Stephen K. Hamilton
Ph.D. University of California, Santa Barbara, 1994
W. K. Kellogg Biological Station
Office Telephone: 269-671-2231
Aquatic Ecology & Biogeochemistry
My principal research interests involve ecosystem ecology and biogeochemistry, with particular attention to aquatic environments and the movement of water through landscapes. I am especially interested in running waters, wetlands and floodplains because they represent an interface between aquatic and terrestrial ecosystems that is often biologically diverse and productive. I also like to consider ecosystem processes at the landscape or watershed scale, and I prefer to do research that contributes to our understanding of environmental problems or improves our ability to manage ecosystems.
I believe that to understand how ecosystems work, we frequently need to integrate approaches from varied disciplines such as geology, chemistry, remote sensing, and hydrology as well as ecology. Therefore I encourage multidisciplinary investigations that seek to improve our understanding of ecosystems and environmental problems. Stable isotopes are one of my favorite tools for ecological investigations.
I am presently devoting much of my time to the study of various aspects of aquatic ecosystems in southern Michigan, including wetlands, streams, lakes, and watersheds. I also work on tropical ecosystems in South America and dryland river ecosystems in Australia.
Pettit, E.E., T.D. Jardine, S.K. Hamilton, V. Sinnamon, D. Valdez, P.M. Davies, M.M. Douglas, and S.E. Bunn. 2012. Seasonal changes in water quality and macrophytes and the impact of cattle on tropical floodplain waterholes. Marine and Freshwater Research 63: 788-800.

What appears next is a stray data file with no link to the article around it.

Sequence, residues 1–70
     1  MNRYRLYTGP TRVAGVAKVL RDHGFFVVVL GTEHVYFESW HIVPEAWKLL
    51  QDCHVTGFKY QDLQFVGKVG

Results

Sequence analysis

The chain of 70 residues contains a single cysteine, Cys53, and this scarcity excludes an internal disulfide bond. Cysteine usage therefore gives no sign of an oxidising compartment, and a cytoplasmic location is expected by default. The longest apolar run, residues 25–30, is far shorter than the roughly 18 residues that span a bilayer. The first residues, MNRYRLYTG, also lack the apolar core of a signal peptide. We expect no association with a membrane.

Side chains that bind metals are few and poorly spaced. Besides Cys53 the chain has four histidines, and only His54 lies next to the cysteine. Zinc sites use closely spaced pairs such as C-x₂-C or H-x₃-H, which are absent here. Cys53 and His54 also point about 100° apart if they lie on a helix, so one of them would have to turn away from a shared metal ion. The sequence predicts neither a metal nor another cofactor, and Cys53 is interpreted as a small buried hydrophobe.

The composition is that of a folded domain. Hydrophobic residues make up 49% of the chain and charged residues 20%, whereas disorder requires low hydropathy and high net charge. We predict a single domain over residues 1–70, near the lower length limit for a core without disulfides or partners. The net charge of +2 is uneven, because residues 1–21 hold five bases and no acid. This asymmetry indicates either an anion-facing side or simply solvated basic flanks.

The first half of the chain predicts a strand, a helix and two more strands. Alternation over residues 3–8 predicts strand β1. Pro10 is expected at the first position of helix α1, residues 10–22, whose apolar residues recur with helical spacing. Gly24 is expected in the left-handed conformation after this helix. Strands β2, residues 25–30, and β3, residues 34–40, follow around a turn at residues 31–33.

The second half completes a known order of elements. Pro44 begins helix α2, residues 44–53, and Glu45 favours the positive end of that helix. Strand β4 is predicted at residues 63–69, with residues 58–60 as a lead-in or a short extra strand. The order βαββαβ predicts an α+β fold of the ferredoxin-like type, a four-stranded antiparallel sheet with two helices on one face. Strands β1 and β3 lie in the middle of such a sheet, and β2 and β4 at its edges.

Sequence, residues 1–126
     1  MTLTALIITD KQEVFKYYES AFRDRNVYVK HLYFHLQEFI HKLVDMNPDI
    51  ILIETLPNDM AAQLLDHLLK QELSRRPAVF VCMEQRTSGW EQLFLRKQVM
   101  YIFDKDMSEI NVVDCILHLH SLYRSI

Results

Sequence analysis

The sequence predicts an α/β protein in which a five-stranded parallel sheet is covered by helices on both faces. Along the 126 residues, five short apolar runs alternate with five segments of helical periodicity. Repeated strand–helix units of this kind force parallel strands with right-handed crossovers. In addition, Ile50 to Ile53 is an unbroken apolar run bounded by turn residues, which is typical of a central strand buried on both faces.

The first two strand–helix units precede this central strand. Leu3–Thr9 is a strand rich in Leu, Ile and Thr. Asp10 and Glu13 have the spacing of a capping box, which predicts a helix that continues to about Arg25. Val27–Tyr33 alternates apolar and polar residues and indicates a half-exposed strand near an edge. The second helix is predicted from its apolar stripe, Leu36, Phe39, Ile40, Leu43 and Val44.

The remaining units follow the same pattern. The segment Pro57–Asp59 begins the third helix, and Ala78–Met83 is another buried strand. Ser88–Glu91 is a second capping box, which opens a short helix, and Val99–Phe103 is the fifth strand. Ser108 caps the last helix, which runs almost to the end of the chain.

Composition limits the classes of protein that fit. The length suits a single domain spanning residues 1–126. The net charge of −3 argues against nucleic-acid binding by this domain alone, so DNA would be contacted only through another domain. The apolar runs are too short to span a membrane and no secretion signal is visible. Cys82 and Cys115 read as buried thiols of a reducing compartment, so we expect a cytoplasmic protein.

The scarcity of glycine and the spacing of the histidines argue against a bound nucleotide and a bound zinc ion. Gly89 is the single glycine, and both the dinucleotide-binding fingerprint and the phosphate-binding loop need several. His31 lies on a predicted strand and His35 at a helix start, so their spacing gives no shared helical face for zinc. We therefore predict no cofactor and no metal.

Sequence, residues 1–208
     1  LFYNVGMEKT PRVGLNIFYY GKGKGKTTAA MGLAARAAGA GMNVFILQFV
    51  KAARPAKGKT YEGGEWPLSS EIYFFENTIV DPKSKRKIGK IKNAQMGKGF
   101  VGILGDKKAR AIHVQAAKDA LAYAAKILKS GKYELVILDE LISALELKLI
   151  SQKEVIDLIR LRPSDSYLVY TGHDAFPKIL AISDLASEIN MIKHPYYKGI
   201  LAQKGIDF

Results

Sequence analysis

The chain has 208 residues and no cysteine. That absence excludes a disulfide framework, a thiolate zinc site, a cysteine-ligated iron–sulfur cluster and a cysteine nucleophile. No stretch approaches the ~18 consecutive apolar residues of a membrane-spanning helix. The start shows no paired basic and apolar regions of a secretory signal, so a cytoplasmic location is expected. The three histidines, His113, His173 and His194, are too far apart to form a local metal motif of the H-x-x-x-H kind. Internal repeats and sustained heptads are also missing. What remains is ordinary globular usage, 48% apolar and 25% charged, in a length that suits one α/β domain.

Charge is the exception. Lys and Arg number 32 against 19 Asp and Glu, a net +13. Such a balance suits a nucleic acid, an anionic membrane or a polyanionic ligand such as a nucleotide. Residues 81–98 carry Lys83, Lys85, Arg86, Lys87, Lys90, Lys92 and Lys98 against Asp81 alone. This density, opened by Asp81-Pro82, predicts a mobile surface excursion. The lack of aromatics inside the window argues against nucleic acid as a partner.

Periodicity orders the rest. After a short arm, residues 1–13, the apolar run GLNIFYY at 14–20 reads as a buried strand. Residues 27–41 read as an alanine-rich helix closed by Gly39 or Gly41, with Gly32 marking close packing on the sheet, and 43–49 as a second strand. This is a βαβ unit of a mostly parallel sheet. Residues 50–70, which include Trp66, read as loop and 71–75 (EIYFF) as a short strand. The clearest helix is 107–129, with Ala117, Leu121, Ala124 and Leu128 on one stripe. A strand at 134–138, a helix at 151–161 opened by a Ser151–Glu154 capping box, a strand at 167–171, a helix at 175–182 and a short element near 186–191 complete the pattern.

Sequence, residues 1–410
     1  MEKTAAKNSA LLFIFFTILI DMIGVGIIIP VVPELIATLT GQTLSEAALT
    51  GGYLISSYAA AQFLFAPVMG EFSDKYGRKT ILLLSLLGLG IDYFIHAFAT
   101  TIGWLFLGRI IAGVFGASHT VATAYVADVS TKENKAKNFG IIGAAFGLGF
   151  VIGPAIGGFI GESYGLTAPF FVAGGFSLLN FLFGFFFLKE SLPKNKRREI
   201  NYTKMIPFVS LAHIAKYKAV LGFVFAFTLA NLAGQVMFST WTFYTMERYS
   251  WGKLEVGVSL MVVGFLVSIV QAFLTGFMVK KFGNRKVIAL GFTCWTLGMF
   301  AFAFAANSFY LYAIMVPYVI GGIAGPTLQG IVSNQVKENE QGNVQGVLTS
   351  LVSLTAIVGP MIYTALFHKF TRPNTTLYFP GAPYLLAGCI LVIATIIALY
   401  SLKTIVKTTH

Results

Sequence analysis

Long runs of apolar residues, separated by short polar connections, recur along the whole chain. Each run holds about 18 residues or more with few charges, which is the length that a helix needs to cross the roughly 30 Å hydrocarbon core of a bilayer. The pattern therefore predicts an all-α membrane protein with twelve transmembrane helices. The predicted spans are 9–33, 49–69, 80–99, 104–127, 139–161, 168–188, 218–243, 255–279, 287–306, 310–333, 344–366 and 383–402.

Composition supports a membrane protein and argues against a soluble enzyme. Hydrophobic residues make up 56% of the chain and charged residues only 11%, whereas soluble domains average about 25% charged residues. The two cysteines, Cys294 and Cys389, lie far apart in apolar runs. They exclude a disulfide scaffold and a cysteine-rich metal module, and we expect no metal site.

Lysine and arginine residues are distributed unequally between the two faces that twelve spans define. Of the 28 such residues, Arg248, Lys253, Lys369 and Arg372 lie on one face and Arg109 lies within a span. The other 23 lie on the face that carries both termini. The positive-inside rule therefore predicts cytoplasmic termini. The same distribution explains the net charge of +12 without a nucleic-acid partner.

Ward, D.P., S.K. Hamilton, T.D. Jardine, N.E. Pettit, E.K. Tews, J.M. Olley, and S.E. Bunn. 2012. Assessing the seasonal dynamics of inundation, turbidity and aquatic vegetation in the Austrailian wet-dry tropics using optical remote sensing. Ecohydrology, DOI: 10.1002/eco.1270.
Bruesewitz, D.A., J.L. Tank, and S.K. Hamilton. 2012. Incorporating spatial variation of nitrification and denitrification rates into whole-lake nitrogen dynamics. Journal of Geophysical Research - Biogeosciences, DOI: 10.1029/2012JG002006.
Burgin, A.J., S.K. Hamilton, S.E. Jones, and J.T. Lennon. 2012. Denitrification by sulfur-oxidizing bacteria in a eutrophic lake. Aquatic Microbial Ecology 66:283-293.
Jardine, T.D., B.J. Pusey, S.K. Hamilton, N.E. Pettit, P.M. Davies, M.M. Douglas, V. Sinnamon, I.A. Halliday, and S.E. Bunn. 2012. Fish mediate high food web connectivity in the lower reaches of a wet-dry tropical floodplain river. Oecologia 168: 829-838.